Source: National Center for Sciences and Engineering Statistics

What do fee waivers cover?

The coverage of SAT and ACT fee waivers is not limited to registration fees. The SAT, for one, covers the following services.

  • Two SAT registration fees
  • Two copies of Answer Service, which informs students about test questions and how they are answered. When ordering Answer Services, students will either receive the Question-and-Answer Service (QAS) or the Student Answer Service (SAS).
  • No limit to the number of score reports that students can order after registering for the test(s)
  • Fees for applying at participating colleges are waived
  • Free CSS Profile applications for participating schools’ financial aid
  • Non-U.S. Regional Fee for U.S. Students Testing Abroad;
  • Late registration fee for U.S. students testing in U.S. territories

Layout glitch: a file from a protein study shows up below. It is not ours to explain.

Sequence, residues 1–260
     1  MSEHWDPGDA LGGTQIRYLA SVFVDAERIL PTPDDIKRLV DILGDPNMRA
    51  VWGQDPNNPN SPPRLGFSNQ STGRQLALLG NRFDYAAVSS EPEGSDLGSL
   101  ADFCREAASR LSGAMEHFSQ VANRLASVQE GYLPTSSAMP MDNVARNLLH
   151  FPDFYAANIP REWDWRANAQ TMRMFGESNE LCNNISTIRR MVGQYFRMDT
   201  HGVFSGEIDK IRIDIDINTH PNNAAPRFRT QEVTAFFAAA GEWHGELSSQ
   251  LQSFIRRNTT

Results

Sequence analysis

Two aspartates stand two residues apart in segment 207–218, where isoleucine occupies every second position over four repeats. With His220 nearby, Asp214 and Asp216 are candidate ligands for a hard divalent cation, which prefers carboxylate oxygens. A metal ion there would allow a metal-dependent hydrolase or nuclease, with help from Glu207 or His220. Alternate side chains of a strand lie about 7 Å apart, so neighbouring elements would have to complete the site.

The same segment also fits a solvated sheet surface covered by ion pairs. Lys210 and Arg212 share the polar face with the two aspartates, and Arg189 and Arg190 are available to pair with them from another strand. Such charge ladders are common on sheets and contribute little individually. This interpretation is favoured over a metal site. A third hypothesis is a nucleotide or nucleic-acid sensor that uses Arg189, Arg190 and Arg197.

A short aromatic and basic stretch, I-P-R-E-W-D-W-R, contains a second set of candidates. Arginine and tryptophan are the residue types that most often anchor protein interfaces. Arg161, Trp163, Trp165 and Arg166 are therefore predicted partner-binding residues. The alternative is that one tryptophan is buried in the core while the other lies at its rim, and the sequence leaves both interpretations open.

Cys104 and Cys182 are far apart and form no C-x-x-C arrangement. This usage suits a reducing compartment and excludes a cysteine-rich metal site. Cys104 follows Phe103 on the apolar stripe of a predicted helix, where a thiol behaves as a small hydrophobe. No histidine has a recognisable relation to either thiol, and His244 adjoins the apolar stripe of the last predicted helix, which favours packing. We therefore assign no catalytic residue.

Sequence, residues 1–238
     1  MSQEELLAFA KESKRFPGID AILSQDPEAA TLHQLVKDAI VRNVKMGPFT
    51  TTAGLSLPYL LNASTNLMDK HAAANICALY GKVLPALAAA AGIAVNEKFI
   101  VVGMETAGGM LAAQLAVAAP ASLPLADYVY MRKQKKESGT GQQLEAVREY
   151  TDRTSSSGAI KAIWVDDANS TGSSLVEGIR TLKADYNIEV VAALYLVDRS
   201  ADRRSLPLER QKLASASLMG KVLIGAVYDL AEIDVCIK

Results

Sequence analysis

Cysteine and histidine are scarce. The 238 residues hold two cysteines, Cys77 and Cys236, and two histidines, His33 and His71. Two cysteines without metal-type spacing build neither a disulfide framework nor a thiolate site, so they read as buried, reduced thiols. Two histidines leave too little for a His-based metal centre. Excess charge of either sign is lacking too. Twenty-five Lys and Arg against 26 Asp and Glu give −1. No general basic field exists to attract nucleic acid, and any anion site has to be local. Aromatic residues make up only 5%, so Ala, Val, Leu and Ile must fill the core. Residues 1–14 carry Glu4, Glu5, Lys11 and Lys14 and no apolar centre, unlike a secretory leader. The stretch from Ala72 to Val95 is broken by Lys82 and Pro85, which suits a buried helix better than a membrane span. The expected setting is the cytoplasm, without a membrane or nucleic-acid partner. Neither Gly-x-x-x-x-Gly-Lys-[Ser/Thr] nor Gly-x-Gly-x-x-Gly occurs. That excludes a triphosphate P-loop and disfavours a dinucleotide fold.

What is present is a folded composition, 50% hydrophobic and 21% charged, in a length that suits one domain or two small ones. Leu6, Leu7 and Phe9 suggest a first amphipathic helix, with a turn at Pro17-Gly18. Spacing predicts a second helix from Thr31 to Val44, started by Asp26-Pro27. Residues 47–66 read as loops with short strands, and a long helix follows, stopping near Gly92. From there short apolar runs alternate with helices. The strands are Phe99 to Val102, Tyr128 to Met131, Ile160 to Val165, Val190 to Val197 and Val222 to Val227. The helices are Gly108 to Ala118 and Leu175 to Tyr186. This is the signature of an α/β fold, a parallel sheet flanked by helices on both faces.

• Cancellation fee (unused fee waiver benefits are restored)

Meanwhile, the ACT fee waiver covers the following.

  • Registration
  • Late fees for either full ACT with writing or the full ACT (no writing).
  • one report to a student’s high school and up to six college choices (at the time he or she registers)
  • After receiving the score, a student can request unlimited regular score reports for free.
  • Free access to The Official ACT Self-Paced Course

Take note that waivers may NOT be used to pay for any additional fees, products, or services.

Limitations of Fee Waivers

As previously stated, students can only receive two SAT waivers. This means any additional testing will be charged at full price. Meanwhile, to get a waiver, students must also register on time. The waiver is not valid for students who are waitlisted for a test date.

Finally, if there are any additional fees or costs associated with the specific test date or exam that students wish to take, they will need to be paid separately as such fees are not covered by the waiver.

States That Pay for ACT and SAT Fee Waivers

Several states will pay for public school students’ SAT and ACT tests. According to the College Board, as reported by Ross and Moody (2021), the following 15 states will cover the cost of an SAT test for certain students in 2020-2021, along with the District of Columbia: